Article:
We've all heard the debate about medical marijuana and its uses for some chronic conditions. As of today, 17 states and Washington, DC have approved the use of medical marijuana. Let's take a look at the arguments for and against the use of the controversial treatment option as it relates to multiple sclerosis.
Good: Smoking marijuana reduces spasticity and pain
A recent report from the University of California, San Diego School of Medicine has found that smoking marijuana can help reduce symptoms of MS, including spasticity and pain. MS is caused by the breakdown of the lining of the nerves in the brain, leading to damaged nerves. The brain then sometimes fails to properly deliver "messages" to different parts of the body, leading to difficulties with walking, bladder dysfunction and cognitive problems.
In this most recent report, 30 MS patients were tested; 15 were given a placebo to smoke, 15 were given marijuana to smoke. The groups were then switched – the placebo group was given marijuana and the marijuana group was given the placebo – and in both studies the marijuana smokers reported reduced spasticity and pain. Researchers used the Ashford scale, which tests range of motion and rigidity; the second part of the exam studied the pain levels in each patient.
[SLIDESHOW: Top 10 Common Myths About MS - Busted!]
The conclusion? Jody Corey-Bloom, MD, PhD at UC San Diego and lead researcher said, "We found that smoked cannabis was superior to placebo in reducing symptoms and pain in patients with treatment-resistant spasticity, or excessive muscle contractions."
Bad: Smoking marijuana impairs cognitive abilities
Despite the aforementioned benefits of smoking marijuana for some MS patients, studies have not completely cleared the drug of any side effects. Published in the February 13, 2008 volume of Neurology, a study out of the University of Toronto found that "people with multiple sclerosis who smoke marijuana are more likely to have emotional and memory problems." The study interviewed 140 MS patients, including 10 who defined themselves as current marijuana users; these smokers were then "matched" by age, sex and length of time with MS to four individuals who did not use marijuana.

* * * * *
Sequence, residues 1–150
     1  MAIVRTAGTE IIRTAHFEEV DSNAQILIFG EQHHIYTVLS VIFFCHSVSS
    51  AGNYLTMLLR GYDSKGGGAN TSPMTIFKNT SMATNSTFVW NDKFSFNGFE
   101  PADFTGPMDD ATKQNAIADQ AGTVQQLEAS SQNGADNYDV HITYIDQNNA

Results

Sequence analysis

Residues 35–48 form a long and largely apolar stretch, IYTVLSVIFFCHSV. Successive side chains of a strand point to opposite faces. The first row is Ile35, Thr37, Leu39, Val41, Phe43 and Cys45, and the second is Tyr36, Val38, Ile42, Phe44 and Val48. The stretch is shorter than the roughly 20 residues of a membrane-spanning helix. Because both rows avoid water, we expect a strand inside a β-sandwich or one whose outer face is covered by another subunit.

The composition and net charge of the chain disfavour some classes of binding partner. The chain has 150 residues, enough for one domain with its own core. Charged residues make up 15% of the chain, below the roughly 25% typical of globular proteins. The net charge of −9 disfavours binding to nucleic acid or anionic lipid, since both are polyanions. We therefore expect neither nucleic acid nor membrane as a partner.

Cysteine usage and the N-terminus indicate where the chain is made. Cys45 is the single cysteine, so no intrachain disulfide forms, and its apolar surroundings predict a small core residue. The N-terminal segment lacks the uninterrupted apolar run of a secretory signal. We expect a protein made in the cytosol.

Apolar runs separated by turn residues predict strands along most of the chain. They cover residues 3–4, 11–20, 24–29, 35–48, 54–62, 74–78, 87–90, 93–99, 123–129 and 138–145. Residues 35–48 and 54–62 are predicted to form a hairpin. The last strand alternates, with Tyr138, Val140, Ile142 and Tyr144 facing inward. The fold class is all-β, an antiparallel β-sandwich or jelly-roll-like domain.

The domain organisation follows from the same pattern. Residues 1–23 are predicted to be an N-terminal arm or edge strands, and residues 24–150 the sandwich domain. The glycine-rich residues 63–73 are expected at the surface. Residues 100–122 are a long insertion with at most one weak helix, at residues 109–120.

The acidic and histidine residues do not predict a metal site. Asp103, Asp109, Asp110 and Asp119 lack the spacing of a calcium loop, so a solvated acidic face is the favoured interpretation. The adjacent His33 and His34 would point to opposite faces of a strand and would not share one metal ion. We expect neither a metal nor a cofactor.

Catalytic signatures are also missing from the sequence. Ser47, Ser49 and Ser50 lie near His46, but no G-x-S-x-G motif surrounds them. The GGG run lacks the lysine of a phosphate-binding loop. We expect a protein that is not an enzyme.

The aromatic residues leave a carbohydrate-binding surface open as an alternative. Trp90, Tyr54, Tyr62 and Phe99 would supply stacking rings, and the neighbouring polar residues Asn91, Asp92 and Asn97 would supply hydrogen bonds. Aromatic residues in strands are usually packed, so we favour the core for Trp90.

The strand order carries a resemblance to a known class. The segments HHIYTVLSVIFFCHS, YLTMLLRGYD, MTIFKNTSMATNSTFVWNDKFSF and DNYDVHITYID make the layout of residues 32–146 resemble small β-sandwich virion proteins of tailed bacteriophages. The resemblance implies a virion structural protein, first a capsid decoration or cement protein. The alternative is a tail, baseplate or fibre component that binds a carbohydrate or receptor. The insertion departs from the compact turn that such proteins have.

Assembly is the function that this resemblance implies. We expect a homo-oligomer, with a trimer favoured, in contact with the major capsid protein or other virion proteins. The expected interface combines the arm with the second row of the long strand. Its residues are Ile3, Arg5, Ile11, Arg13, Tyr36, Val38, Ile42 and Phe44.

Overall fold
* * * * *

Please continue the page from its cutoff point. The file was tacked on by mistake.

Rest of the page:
The study found that the marijuana users performed at a 50 percent slower pace on information processing tests. There was also a significantly higher rate of anxiety, depression or other emotional problems in those who used marijuana over those who did not.
As noted by the researchers, emotional problems are more common among individuals with MS to begin with; increasing the risk by smoking marijuana may negate any positive benefits a patient experiences.
Good: Support from the medical community
In addition to the jurisdictions that have passed laws legalizing the use of medical marijuana, the American College of Physicians, the American Psychiatric Association and the Medical Studies Section of the American Medical Association have all made strong statements in favor of the use of cannabis for medical purposes.
The National Multiple Sclerosis Society, the leading non-profit organization for MS, has provided millions of dollars to study the effects of marijuana on MS patients. However, the NMSS has acknowledged the difficulty with properly assessing marijuana-related research as the studies become "unblinded" once a patient becomes aware of being "high."
Montel Williams, a leading MS advocate, has openly championed the use of medical marijuana for MS symptoms.
A 2011 survey conducted by CBS News found that 77 percent of Americans support the legalization of marijuana on a prescription basis for serious medical conditions.
Bad: Cannabis can be harmful to health
A recent report from the British Lung Foundation warned that the "public dangerously underestimates the health risks linked to smoking cannabis." One-third of 1,000 surveyed adults did not believe that marijuana had a negative health effect; 88 percent also incorrectly thought that cigarettes were more harmful to health than marijuana. In fact, smoking one marijuana cigarette per day carries a 20 times higher risk of developing lung cancer as opposed to one tobacco cigarette per day. Marijuana users take in nearly five times as much carbon monoxide and nearly four times as much tar as compared to tobacco smokers.
A different report from the British Lung Foundation linked smoking cannabis to tuberculosis, bronchitis and lung cancer.
Do you use marijuana for MS? Is it effective?
Do you support its availability as a means to treat MS symptoms?
Update: A new study released from Plymoth University (UK) has indicated that the active ingredient in marijuana - tetrahydrocannabinol, also known as THC - has no effect on halting the progression of MS. Researchers had once though that THC could provide "neuroprotective" effects, stopping or even reversing the demyelination process. Unfortunately, those theories were found to be untrue, as THC has no effect on the progression of the disease.
American Academy of Neurology. (2008, February 13). "Smoking Marijuana Impairs Cognitive Function in MS Patients." American Academy of Neurology. Retrieved from http://www.aan.com/press/index.cfm?fuseaction=release.view&release=578.
BBC News. (2012, June 5). "Health risks of cannabis 'underestimated,' experts warn." BBC News: Health. Retrieved from http://www.bbc.co.uk/news/health-18283689.
Shepherd, Rupert. (2012, May 15). "Marijuana May Relieve Multiple Sclerosis Symptoms." Medical News Today. Retrieved from http://www.medicalnewstoday.com/articles/245424.php.
Published On: June 13, 2012